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To restore? Or not to restore?

#1 User is offline   Rocco 

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Posted 31 January 2013 - 10:24 PM

I have a 20 year old plus Studio that is somewhat sentimental to me. I was given a quote to bring it back to life by repairing some nasty dings, running it through the plek, using new hardware, total custom rewiring & switching the pick-ups to the 500T and 496R pickups that were in another LP that I had the same technician stick Seymour Duncan pickups into (among other upgrades). I am reluctant to restore the studio for a total cost of around $1,200 because I rather put that cash into another guitar, like the LP Traditional Pro model. Any thoughts?

#2 User is offline   bigtim 

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Posted 31 January 2013 - 10:31 PM

Man that is just way too much money to throw at a guitar not worth as much as what the mods are plus the work. I would steer clear and throw the cash @ something else. You can get a brand new SG standard for that kind of cash or another good down payment toward another Les Paul. Save the money and put it to use elsewhere. Tim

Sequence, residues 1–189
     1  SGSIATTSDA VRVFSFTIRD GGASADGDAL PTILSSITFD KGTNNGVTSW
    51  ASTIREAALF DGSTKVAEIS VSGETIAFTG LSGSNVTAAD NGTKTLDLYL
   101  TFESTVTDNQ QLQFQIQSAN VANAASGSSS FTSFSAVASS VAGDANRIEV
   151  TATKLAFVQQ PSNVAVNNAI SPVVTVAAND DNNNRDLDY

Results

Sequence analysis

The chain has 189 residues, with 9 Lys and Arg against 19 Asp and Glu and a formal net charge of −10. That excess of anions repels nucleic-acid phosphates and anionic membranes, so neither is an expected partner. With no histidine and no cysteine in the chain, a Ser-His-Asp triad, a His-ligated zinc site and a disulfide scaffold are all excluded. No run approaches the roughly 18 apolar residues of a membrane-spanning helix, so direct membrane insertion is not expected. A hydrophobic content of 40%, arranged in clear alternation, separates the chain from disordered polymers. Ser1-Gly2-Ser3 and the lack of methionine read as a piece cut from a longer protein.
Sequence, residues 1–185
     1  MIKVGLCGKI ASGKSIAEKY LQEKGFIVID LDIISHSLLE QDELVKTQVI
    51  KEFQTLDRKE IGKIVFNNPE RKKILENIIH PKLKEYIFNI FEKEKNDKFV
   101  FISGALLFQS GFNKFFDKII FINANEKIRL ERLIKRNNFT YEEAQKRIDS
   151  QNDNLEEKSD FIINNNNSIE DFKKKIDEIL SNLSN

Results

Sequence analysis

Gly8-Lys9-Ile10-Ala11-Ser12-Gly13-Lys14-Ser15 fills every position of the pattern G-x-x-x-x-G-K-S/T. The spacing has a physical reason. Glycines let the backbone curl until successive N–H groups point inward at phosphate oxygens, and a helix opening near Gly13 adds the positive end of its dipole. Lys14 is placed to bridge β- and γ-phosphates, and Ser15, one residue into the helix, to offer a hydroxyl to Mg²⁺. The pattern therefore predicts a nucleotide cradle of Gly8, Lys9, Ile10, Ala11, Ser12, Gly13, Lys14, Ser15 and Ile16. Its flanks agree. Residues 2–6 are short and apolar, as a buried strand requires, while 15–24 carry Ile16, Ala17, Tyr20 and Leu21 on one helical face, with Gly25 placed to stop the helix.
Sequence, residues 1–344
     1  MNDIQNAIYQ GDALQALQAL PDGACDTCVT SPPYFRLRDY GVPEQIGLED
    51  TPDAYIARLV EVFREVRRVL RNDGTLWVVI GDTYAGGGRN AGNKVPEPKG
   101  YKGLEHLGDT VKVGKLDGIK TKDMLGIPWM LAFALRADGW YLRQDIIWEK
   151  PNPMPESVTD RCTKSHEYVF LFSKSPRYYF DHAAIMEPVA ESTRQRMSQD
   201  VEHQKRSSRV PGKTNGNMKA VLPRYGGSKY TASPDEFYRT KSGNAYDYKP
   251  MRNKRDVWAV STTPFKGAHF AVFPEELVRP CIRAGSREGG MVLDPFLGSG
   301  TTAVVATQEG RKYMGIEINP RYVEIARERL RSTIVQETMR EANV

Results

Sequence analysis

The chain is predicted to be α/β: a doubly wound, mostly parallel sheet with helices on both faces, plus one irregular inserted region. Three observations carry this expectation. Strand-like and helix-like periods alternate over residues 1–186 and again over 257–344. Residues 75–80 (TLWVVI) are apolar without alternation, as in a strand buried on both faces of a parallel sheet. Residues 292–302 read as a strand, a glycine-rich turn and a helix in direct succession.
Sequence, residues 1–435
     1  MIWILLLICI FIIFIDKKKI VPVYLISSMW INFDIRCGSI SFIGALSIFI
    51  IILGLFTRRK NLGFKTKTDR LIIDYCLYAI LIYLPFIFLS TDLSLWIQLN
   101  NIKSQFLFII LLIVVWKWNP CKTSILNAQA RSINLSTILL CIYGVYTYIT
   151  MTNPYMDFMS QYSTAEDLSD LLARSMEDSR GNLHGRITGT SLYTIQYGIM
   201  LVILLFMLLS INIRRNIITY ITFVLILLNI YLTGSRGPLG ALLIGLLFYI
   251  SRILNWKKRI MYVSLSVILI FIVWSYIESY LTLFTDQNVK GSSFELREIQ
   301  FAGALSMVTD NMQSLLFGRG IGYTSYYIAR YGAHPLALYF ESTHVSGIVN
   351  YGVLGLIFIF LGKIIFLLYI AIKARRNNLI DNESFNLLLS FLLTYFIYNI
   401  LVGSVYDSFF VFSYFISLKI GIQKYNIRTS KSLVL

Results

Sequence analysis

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#3 User is offline   glp2012 

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Posted 31 January 2013 - 10:35 PM

I'd leave the guitar as is and put the $1200 into a new one. Don't succumb to the sunk cost effect...

I kinda have a similar debate with myself...should I buy a new Epiphone for $500 or put that money towards a Gibson? I'd really like a new guitar, but purchasing an Epiphone puts me $500 in the hole towards a Gibson I really want. Although, it will take me a couple of years to save for the Gibson. So, what to do...

I think I'll wait.

#4 User is offline   charlie brown 

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Posted 01 February 2013 - 01:17 AM

You've already answered your own question. And, let's face it...part of the sentimentality,
is because of what you've been through, with that particular guitar, and the "battle scars"
that remind you. Lot's of people call that "mojo!" Some, even pay a LOT of money, to get
an othwise new guitar, to look "beat up!" Personally, I much prefer my "mojo" to be the
wear and tear I've put on it, lovingly, by playing it. Not to have it done by the factory,
or to pay someone else, to do it for me. But, that's just Me.

So, IF I was you...I would keep your current guitar "as is," and continue to love and play it,